The social, environmental and economic adversities are closely related to the automotive business model, which is approximately linear. Product technology choice impacts materials and machinery are the highlights of determining the sustainable capacity of the industry. The economic pressure the automotive industry faces set one or two aspects of the industry to capture the totality of the end product.
The Economic Standpoint
High capital intensity and imbalance production of fixed costs entities leading to over-supplying on some products while under-supplying on others. The standardised models are often overly supplied resulting in the depreciation of value and scrapping of vehicles at their premature age.
The inflexible process of manufacturing the vehicles and the inability to adapt to new demands and switching to a more sustainable system resulted in the reduction of prices to alter the metal. New car sales are the sole driver of revenue which can be too much for the environment given the manufacturing stage impacts nature greatly.
The economy has difficulty in recovering investment due to the shorter lifetimes of new models. Such practice always leads to manufacturing substandard cars which will go to waste in no time.
Moreover, the break-even points in high capacity can increase the pressure of over-supplying and maintaining the broad logistics line to cater to every sales outlet.
Additionally, extensive distribution of supply systems often leads to longer delivery times. Which contributes to more carbon footprints. Also, manufacturers who invest in cheap manufacturing plants and sub-standard models results in producing general-purpose vehicles of which the life span is fleeting.
The Social Standpoint
The work in the automotive industry is task-based; thus, employment is unstable. Although there are plants that offer flexible working arrangements, in the more established industrial areas, plant closures continue to progress leading to negative impacts on the livelihood of the locals. The key problem in the current landscape of the automotive industry is the large coverage of the plants in terms of work and wealth which is focused on specific locations rather than decentralising them. Thus, the agglomeration of economies leads to the depopulation of the rural areas while over-crowding in the urban areas.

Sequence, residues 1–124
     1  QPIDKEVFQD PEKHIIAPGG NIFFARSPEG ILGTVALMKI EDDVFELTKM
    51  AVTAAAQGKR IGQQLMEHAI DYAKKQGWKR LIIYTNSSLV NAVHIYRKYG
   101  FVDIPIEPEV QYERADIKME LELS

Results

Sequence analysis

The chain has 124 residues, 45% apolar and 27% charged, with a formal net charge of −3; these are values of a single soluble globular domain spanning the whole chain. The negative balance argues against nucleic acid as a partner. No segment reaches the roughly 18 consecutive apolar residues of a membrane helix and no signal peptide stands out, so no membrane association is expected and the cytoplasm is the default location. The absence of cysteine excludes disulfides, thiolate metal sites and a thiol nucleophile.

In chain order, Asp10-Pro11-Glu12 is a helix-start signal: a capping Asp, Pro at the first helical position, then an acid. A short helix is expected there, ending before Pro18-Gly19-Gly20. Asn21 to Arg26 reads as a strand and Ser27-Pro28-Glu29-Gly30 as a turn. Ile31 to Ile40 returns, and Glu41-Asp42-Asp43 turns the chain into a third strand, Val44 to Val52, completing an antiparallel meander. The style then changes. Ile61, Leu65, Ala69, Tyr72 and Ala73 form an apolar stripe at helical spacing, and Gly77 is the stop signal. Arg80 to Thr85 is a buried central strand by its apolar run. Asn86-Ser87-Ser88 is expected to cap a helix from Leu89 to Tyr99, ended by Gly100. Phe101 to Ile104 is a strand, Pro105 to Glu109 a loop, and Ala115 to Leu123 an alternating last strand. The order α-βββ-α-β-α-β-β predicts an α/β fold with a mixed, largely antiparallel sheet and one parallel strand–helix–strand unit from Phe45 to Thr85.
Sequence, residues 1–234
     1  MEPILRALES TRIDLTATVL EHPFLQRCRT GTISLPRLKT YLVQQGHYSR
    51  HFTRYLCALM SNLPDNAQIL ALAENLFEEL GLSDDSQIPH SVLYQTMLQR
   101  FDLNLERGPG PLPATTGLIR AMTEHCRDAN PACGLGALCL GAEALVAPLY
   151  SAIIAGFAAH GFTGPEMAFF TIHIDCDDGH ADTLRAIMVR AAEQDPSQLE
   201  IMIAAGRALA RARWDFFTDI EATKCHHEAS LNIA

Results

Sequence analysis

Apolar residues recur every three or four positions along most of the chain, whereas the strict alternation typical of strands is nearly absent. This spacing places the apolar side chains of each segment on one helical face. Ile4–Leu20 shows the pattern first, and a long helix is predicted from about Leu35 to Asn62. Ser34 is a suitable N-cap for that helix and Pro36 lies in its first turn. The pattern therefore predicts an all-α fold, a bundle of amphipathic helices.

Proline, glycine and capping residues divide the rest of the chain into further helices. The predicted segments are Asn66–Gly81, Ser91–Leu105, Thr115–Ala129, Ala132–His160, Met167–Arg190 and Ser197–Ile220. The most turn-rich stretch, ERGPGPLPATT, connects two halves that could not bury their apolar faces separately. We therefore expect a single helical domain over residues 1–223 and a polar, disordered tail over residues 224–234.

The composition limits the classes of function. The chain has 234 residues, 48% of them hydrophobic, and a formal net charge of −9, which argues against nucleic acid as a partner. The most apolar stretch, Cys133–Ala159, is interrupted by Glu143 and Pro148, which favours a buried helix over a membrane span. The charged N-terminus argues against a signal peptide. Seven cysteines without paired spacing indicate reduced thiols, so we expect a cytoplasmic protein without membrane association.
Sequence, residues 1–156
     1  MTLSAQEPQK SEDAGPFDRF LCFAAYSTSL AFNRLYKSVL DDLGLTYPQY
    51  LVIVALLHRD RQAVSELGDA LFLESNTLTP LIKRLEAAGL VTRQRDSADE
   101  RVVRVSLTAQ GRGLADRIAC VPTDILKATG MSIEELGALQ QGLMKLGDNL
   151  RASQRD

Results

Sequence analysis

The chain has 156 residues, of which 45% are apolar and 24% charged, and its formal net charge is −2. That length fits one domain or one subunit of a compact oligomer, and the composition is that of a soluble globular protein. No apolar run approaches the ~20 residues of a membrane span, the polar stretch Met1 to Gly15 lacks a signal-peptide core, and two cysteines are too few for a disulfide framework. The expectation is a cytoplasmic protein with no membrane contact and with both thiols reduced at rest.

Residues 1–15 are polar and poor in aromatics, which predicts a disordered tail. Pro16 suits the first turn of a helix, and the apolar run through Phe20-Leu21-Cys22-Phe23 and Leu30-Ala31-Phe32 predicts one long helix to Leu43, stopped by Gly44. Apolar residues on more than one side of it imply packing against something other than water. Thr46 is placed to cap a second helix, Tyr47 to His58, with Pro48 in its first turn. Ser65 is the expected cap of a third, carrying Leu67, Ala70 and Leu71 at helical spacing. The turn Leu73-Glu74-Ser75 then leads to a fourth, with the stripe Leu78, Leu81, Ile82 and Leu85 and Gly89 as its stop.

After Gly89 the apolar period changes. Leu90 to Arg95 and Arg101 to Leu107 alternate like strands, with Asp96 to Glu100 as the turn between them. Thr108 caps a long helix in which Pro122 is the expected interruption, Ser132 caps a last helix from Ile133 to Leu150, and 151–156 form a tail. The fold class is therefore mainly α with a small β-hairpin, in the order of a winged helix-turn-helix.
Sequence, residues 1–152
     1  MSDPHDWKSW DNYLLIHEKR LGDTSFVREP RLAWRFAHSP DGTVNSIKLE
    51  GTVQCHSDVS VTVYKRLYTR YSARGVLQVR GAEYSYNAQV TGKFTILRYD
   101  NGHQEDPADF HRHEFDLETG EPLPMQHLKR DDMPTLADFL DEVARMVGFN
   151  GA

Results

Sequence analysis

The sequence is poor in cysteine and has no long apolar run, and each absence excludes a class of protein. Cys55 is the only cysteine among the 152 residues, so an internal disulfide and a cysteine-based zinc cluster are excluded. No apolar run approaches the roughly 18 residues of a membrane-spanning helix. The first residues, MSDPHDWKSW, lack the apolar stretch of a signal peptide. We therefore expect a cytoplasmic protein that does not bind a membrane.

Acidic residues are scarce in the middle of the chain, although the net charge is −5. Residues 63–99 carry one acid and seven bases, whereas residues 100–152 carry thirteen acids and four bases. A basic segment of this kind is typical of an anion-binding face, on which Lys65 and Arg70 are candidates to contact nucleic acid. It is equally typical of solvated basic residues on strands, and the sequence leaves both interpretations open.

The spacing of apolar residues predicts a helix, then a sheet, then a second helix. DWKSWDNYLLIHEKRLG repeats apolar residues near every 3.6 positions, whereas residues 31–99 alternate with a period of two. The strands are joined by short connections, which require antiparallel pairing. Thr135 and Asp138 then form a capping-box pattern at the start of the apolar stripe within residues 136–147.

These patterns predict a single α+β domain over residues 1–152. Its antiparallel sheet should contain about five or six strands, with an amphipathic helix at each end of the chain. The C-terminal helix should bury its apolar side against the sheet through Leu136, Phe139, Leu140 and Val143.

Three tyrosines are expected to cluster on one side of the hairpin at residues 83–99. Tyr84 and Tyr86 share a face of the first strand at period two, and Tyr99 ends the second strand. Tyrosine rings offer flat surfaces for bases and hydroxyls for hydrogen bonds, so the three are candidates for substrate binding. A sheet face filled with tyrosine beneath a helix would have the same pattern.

The Environmental Standpoint
In a traditional sense, the most counted environmental impact of cars came from the toxic emissions coming from the exhaust. However, the manufacturing process is often ignored of which, in reality, it contributes more than the toxic from the exhaust. The long and systematised process of manufacturing cars burdens the planet in many ways. The proper disposal of cars, which ideally, should be salvaged to promote a circular economy and the material consumption in manufacturing it plays a huge role in diminishing the planet.
The over-production of supply is another issue that adds up to the damage to our planet. The automotive industry has the largest single manufacturing sector on a global scale. It consumes major raw material supply which is roughly at 16% in terms of steel use while 40% of high-grade wide strip steel are consumed for more expensive cars. Additionally, 30% of the total supply of aluminium worldwide go to the automotive industry while 5% of plastic are also embedded in the finished product. All of these raw materials are recyclable but only a minimal percentage are recycled and put back into the economic cycle. Mostly, these materials are downcycled or thrown away. So, do not contribute to any more threats to the planet, and drive a sustainable car.